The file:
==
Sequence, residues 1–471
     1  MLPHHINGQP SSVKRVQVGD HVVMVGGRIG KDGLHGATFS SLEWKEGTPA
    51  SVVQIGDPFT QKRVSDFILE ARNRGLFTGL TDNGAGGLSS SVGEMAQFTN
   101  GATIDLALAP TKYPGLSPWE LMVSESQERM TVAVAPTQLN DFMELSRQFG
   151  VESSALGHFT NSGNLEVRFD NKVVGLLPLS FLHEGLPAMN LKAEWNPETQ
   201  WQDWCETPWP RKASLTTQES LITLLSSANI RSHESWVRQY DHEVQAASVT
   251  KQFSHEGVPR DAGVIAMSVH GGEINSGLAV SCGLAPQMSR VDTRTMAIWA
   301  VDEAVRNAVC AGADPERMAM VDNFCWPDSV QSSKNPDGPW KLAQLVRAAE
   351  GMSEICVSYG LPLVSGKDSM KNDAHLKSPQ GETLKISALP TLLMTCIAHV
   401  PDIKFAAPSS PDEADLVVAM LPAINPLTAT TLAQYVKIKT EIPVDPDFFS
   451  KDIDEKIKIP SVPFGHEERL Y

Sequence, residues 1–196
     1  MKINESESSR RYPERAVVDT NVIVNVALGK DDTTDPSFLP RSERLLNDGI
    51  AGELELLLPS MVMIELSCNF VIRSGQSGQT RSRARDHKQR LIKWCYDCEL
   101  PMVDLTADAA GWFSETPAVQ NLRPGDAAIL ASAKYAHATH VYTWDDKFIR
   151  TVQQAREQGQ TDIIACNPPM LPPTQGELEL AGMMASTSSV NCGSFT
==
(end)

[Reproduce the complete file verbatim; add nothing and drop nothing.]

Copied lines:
Sequence, residues 1–471
     1  MLPHHINGQP SSVKRVQVGD HVVMVGGRIG KDGLHGATFS SLEWKEGTPA
    51  SVVQIGDPFT QKRVSDFILE ARNRGLFTGL TDNGAGGLSS SVGEMAQFTN
   101  GATIDLALAP TKYPGLSPWE LMVSESQERM TVAVAPTQLN DFMELSRQFG
   151  VESSALGHFT NSGNLEVRFD NKVVGLLPLS FLHEGLPAMN LKAEWNPETQ
   201  WQDWCETPWP RKASLTTQES LITLLSSANI RSHESWVRQY DHEVQAASVT
   251  KQFSHEGVPR DAGVIAMSVH GGEINSGLAV SCGLAPQMSR VDTRTMAIWA
   301  VDEAVRNAVC AGADPERMAM VDNFCWPDSV QSSKNPDGPW KLAQLVRAAE
   351  GMSEICVSYG LPLVSGKDSM KNDAHLKSPQ GETLKISALP TLLMTCIAHV
   401  PDIKFAAPSS PDEADLVVAM LPAINPLTAT TLAQYVKIKT EIPVDPDFFS
   451  KDIDEKIKIP SVPFGHEERL Y

Sequence, residues 1–196
     1  MKINESESSR RYPERAVVDT NVIVNVALGK DDTTDPSFLP RSERLLNDGI
    51  AGELELLLPS MVMIELSCNF VIRSGQSGQT RSRARDHKQR LIKWCYDCEL
   101  PMVDLTADAA GWFSETPAVQ NLRPGDAAIL ASAKYAHATH VYTWDDKFIR
   151  TVQQAREQGQ TDIIACNPPM LPPTQGELEL AGMMASTSSV NCGSFT